n.b. I think this answer is more relevant outside of mathematics, which is the OP's field ...
Although @Thomas's answer is correct that most journals to which you could submit your paper will be sharing the same reviewer pool, there can be big differences between journals in how efficiently their editorial processes run and, importantly, how much they pressure authors to return reviews quickly.
- You can look on a journal's web page to see if they give any metrics, or emphasize speed: for example, Nature Communications says in their Aims and Scope section:
We are committed to providing an efficient service for both authors and readers. Our team of independent editors make rapid and fair publication decisions.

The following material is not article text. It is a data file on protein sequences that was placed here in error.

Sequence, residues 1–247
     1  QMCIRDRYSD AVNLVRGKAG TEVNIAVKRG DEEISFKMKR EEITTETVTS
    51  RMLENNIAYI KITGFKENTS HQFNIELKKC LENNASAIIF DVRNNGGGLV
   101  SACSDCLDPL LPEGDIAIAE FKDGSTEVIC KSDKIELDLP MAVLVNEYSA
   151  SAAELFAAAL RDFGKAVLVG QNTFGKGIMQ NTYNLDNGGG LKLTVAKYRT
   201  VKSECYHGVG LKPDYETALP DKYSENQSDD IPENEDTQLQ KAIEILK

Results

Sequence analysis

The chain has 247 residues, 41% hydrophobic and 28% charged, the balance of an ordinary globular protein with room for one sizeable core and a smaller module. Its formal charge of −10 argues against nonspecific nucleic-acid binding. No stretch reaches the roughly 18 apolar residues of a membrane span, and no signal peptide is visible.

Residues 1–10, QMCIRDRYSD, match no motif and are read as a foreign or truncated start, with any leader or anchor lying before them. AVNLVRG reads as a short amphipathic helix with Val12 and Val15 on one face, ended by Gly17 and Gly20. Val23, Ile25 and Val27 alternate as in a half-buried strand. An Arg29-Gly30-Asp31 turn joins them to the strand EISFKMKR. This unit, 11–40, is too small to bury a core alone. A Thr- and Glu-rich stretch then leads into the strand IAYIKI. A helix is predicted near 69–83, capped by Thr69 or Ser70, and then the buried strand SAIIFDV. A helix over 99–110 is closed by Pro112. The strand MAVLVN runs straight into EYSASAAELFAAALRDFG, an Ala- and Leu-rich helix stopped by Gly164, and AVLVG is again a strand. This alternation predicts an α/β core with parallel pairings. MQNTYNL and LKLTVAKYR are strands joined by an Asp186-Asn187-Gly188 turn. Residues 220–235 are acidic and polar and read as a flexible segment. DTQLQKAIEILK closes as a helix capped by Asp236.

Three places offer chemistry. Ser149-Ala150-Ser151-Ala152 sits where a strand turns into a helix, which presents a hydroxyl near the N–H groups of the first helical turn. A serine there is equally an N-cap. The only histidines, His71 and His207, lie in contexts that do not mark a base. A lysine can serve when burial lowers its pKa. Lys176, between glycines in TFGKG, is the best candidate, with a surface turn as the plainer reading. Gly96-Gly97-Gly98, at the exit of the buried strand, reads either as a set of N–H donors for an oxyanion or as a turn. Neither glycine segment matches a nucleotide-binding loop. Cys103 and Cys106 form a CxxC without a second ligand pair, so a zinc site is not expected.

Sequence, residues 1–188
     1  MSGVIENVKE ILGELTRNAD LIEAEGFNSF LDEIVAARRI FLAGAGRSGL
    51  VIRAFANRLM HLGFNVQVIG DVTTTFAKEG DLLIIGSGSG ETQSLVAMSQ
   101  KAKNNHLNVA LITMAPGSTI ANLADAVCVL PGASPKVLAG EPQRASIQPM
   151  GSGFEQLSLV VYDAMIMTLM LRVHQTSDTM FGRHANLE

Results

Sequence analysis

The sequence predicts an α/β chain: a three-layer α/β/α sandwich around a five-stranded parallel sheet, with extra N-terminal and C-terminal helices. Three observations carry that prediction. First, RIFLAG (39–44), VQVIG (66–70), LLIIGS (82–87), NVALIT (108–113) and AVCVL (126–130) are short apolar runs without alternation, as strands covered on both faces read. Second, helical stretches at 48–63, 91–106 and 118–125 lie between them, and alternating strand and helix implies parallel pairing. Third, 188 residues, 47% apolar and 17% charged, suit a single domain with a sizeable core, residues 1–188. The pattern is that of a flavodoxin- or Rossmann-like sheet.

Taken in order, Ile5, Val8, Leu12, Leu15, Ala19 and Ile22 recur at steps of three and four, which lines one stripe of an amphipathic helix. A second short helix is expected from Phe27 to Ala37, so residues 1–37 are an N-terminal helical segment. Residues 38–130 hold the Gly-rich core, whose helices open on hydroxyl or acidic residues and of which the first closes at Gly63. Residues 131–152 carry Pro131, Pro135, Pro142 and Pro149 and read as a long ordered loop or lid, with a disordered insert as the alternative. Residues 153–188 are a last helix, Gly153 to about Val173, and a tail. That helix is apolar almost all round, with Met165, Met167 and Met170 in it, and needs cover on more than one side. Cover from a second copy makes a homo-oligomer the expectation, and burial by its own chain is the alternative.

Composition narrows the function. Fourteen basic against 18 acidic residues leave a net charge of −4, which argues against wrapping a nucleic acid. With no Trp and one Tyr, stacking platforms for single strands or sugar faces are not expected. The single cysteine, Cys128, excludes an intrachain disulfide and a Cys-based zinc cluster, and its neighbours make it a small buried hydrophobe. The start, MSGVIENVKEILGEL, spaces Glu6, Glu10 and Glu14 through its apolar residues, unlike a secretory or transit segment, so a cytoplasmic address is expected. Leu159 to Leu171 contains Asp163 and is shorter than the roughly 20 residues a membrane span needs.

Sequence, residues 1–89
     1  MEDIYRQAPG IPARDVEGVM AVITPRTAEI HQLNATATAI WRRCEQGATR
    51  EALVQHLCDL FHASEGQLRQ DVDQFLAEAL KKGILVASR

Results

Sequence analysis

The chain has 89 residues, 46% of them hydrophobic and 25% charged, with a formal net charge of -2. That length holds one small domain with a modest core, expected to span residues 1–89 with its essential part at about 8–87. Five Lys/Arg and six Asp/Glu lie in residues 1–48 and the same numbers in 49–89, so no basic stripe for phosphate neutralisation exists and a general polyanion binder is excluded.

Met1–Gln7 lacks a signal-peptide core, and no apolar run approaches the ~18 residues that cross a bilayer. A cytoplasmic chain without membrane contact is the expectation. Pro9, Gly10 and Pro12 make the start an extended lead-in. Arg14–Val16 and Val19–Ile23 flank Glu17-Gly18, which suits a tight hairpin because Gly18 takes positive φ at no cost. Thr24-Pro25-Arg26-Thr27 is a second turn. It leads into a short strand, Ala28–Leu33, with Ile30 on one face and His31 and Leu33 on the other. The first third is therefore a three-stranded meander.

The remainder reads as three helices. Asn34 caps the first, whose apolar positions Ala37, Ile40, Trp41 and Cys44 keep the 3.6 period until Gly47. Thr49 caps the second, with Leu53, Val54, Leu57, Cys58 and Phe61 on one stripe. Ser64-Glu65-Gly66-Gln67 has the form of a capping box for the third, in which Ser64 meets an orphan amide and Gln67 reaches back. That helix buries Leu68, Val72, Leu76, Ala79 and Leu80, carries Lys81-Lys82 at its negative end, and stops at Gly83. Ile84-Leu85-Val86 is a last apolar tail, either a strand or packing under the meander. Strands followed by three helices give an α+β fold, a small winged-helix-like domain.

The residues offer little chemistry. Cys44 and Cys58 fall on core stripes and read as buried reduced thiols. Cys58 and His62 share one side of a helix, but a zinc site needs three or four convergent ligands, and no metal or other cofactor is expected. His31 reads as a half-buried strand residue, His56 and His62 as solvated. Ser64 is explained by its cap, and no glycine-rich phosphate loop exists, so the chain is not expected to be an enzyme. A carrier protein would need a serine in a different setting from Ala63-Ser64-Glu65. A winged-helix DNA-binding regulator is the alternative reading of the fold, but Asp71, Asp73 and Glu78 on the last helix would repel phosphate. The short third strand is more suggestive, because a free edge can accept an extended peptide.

Obviously that doesn't give you anything hard and fast, but it does at least tell you that they prioritize speed.
The other point I made in my previous answer about rapid peer review is that depending on your situation, it might not be as important as you think to have your paper published; in many cases, submission to a reputable journal counts for almost as much as publication - it indicates to potential admissions committees, employers, etc. that your work is actually ready for prime time (as opposed to "in prep", which can mean anything from "I've got a good idea" to "submitting tomorrow"). Depending on journal policies etc. within your field, you could also consider posting your paper to a pre-print service such as ArXiv - another way of convincing people that your work is for real.
The best way to figure out the true importance of rapid publication for your situation is probably to talk to a senior colleague in your field who knows your situation.